Angular has built-in directives to allow you to respond to events. For example, the ng-click event allows us to execute code when an element is clicked, such as clicking on a button. To demonstrate, let's create a button that will change the last name of the first user in our users array. We can do that like this:

```<button ng-click="users[0].lastName = 'Smith'">Change Name</button>```

Notice that when you click that button Jill's last name changes in the data being displayed by our ng-repeat. Pretty cool! There are lots of of built-in events in addition to ng-click including events like ng-change, ng-blur, ng-mouseover, etc.


Using AngularJS Controllers

Everything we've demonstrated so far is really great for simple tasks, but we don't really want to do everything right in our html application as our app gets more complicated. You should limit how much JavaScript you put in your expressions in your html templates. As things get more complex, you inevitably want a place to put large amounts of JavaScript. This is where controllers come in. A controller is basically a separate javascript file that controls, or handles, all of the javascript for a section of your application or html template. AngularJS Controllers are added to AngularJS modules, so before we can add a controller, we need to add a module. To add our module and controller, we'll use the javascript section of the jsFiddle (likely the lower-left panel in your jsFiddle window). This will simulate creating a separate JavaScript file. In a normal application you'd probably create a .js file and import it with a script tag.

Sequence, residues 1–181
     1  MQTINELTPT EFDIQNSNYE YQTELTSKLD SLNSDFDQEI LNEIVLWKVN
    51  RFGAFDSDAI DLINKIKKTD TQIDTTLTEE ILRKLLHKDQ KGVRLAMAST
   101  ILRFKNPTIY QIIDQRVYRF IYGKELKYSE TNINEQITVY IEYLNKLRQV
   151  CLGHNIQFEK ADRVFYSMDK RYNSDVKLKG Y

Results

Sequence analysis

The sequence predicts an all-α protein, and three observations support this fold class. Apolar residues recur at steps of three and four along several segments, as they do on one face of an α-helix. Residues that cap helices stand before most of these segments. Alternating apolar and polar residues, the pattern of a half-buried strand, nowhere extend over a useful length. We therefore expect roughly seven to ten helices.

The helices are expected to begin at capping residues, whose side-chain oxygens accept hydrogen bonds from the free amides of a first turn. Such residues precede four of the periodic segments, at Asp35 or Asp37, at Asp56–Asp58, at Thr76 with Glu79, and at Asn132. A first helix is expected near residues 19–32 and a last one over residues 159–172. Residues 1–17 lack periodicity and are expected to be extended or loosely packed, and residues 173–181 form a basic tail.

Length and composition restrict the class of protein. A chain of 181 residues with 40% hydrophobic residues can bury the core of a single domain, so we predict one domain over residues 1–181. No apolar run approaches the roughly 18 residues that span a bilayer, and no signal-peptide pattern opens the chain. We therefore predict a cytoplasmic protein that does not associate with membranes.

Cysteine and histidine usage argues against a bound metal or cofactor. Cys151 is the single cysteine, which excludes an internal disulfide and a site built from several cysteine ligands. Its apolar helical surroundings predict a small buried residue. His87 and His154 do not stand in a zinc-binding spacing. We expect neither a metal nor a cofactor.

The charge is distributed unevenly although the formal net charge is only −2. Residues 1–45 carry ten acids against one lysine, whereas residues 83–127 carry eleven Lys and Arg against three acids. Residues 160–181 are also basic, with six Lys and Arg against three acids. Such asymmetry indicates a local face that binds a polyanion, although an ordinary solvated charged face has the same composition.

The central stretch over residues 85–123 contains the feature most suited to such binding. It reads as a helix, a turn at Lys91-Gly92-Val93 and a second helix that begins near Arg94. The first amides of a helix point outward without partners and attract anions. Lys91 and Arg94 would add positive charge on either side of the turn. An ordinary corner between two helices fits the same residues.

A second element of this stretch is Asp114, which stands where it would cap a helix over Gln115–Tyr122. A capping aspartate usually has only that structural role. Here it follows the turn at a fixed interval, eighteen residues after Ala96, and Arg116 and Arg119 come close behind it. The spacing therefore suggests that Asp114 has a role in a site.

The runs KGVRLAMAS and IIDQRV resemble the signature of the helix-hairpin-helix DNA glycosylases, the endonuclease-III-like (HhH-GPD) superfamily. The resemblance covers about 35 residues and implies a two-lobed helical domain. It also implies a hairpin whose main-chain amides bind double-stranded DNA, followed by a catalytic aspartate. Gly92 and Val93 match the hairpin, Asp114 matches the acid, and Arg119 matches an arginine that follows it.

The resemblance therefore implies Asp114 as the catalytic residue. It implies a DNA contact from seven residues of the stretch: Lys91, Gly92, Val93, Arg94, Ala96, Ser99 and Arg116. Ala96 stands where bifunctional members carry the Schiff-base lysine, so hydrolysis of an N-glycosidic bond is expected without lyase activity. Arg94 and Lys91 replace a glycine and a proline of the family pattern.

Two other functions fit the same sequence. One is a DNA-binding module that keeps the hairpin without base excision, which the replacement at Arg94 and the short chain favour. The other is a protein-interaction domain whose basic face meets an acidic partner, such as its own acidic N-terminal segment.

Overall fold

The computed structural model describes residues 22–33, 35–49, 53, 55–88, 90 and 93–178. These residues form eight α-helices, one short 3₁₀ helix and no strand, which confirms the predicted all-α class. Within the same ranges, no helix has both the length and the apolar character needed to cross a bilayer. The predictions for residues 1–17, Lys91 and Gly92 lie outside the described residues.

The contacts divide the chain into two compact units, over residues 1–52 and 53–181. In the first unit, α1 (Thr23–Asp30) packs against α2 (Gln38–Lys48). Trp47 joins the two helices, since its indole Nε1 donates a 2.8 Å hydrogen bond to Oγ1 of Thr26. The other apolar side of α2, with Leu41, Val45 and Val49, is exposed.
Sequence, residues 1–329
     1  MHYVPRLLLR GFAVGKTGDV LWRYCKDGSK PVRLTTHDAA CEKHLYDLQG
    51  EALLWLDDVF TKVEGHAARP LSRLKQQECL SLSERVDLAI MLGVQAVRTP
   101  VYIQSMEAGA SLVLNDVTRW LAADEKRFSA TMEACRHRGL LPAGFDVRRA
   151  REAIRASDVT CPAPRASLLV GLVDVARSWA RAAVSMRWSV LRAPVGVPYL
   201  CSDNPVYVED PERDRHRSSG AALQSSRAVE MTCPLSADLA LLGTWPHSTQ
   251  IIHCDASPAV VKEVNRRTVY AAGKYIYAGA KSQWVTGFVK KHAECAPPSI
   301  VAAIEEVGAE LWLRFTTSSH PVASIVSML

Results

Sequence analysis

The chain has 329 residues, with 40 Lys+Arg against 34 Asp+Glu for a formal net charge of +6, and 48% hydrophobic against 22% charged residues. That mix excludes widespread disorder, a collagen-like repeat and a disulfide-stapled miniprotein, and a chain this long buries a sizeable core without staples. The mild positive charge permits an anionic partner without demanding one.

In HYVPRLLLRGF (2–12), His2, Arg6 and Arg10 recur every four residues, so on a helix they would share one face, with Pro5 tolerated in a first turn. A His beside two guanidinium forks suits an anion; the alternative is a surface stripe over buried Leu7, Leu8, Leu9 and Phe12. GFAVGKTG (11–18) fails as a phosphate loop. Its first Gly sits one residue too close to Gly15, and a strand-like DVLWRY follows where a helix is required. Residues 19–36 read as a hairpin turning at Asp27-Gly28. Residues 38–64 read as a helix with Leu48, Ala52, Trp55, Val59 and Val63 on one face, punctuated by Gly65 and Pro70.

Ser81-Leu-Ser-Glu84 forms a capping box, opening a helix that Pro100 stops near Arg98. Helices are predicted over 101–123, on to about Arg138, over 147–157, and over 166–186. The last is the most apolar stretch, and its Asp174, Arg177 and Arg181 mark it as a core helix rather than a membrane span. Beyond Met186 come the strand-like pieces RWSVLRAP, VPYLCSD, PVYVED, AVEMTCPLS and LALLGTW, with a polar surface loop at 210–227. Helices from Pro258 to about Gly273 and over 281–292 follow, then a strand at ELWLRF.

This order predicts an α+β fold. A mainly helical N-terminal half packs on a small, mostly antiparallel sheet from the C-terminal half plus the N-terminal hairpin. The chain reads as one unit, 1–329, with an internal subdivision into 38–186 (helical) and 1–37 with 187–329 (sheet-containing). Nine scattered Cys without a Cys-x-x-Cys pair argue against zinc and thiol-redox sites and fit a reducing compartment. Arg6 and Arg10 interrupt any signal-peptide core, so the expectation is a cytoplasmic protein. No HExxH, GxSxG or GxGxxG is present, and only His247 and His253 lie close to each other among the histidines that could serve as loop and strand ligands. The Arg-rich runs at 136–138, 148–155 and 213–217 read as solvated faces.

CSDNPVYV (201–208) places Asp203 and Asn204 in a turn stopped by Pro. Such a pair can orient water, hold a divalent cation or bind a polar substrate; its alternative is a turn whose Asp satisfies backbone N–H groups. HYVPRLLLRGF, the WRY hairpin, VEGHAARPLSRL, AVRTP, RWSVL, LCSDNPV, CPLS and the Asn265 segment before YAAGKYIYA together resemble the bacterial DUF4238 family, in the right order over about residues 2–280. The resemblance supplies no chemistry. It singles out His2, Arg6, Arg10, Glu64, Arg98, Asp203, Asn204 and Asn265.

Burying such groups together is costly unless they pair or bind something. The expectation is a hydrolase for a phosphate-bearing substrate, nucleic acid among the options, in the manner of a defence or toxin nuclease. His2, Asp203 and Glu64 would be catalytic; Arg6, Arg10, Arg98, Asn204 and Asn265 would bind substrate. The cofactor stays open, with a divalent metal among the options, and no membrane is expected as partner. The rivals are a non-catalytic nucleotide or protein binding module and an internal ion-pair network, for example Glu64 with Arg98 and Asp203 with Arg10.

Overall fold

So to create our module, add this to the JavaScript pane in the jsFiddle:

```var myModule = angular.module('myModule', []);```

Ok, we now have an AngularJS module named myModule. We can now add a controller like this (also add this in the JavaScript pane below the line above):


myModule.controller('myController', function($scope) {



Ok, we now have a controller named my Controller. Now it's time to start moving some of our JavaScript into this controller. Let's start with our users array. If you remember we added that users array using the ng-init attribute in our body element, so first delete that attribute, and then instead we'll add the array inside our controller like this:


myModule.controller('myController', function($scope) {

    $scope.users =


          {firstName: 'Jane', lastName: 'Doe', age:29},

          {firstName: 'John', lastName: 'Doe', age: 32}




The first interesting thing you may have noticed here is that `$scope` variable. The $scope is an important concept in an AngularJS application. It is basically the data scope for a section of your application, in this case, it's the scope for this controller. When we were using ng-init to add our user array previously, it was basically adding it to the scope contained by our body element.